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Charity starts at home
March 5, 2006

TAIPEI – Knowing that charity starts at home, TPLP115 visited many charitable organizations all over Taipei. After deciding to have our group service event at the Private Chen–Kuang Crippled Children's Home, we set everything in motion. There were proposals to prepare, people to call, and funds to be raised. It was almost a nightmare for everyone involved. But we all had a common goal, which was to create a great service event on March 5 th . Cases of diapers and powdered milk as well as other needed materials came in and were ready for the arrival of March 5 th .

For many of us, it was the first time that we set foot into a children's home. We were all nervous and worried that we were going to be welcomed. Everyone seemed anxious during rehearsal but we managed to get everything done. This group of 7 to 9 year olds came into the auditorium with smiles on their faces. It was like a shot surging through our veins and we were able to let go of our worries and focus on giving them a joy–filled weekend.

Shen walked onto the stage nervously to welcome the children with Tony. All of a sudden we were all transformed into talented performers. Those who couldn't sing sang and those who were soft–spoken got loud. The stage settings became the tunnels for the train game. Everyone had talent. The stereo broke and we came up with a guitar for music. Kids were popping balloons crazily. It was incredible.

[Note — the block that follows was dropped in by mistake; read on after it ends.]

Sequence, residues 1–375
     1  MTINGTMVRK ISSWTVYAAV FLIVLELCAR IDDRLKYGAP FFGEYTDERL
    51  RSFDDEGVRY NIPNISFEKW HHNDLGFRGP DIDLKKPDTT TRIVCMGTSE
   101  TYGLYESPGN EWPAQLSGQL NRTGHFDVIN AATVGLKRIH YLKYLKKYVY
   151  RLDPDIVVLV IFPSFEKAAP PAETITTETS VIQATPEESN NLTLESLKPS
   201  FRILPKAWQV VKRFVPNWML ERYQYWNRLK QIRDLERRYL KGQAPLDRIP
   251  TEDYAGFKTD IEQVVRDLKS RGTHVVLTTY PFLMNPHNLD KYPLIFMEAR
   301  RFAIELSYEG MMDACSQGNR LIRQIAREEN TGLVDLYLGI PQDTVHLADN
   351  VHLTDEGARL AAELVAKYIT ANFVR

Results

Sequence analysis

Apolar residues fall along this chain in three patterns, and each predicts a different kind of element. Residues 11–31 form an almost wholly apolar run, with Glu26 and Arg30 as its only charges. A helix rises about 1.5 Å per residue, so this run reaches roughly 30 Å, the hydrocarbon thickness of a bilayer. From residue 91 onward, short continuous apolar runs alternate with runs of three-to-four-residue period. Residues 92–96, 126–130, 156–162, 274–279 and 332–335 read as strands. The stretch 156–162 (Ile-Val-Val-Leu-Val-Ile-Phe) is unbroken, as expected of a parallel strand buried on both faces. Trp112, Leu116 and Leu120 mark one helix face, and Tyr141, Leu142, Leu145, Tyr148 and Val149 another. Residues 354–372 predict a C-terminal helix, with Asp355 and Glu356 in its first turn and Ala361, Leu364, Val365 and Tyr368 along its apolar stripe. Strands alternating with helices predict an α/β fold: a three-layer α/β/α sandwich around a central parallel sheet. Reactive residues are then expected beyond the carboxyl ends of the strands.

"Are we doing this again in the afternoon?" "Yes, we are!" You bet we are and it's definitely going to be better in the afternoon.

It is real hard to describe but as soon as we see their smiles, we would give in. We were all tense and ready for anything. If someone got left alone, he or she is attended to immediately. Even those kids sitting quietly by themselves in wheelchairs got into the games. Seeing those happy faces was the only thing we wanted.

Children are sensitive. They understood what separation meant but they don't become detached like adults. Toward the end of the day after we blew out the candles on the birthday cake, a little girl asked, "When will you come back?" "We'll come back next time," came the reply. "When?" Tears swelled up in my eyes when I saw her questioning but expectant expression. It hurt so much.

"I will come back. WE WILL COME BACK," I said to myself. Action speaks more than words.

This wasn't a challenging task or some outstanding achievement. It was just a community service event. We put on some creative shows for some kids but the effects were so great. Everybody laughed and cried and truly showed their true feelings. These children enriched our lives and experiences. We believe that they had felt our affection.

Instead of thinking about how to make a difference and how show the world my love, acting on it is the best way to go. This was the first group service for LP115; it was also the first for many people. But it was the beginning for countless future services.



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